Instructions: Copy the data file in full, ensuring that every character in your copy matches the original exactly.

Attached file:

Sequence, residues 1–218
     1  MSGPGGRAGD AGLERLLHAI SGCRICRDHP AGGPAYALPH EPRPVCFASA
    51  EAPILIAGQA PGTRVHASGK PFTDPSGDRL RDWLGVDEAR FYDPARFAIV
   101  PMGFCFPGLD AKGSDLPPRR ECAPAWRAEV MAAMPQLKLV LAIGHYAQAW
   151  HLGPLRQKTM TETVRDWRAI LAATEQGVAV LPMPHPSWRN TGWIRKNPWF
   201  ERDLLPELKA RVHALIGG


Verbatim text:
Sequence, residues 1–218
     1  MSGPGGRAGD AGLERLLHAI SGCRICRDHP AGGPAYALPH EPRPVCFASA
    51  EAPILIAGQA PGTRVHASGK PFTDPSGDRL RDWLGVDEAR FYDPARFAIV
   101  PMGFCFPGLD AKGSDLPPRR ECAPAWRAEV MAAMPQLKLV LAIGHYAQAW
   151  HLGPLRQKTM TETVRDWRAI LAATEQGVAV LPMPHPSWRN TGWIRKNPWF
   201  ERDLLPELKA RVHALIGG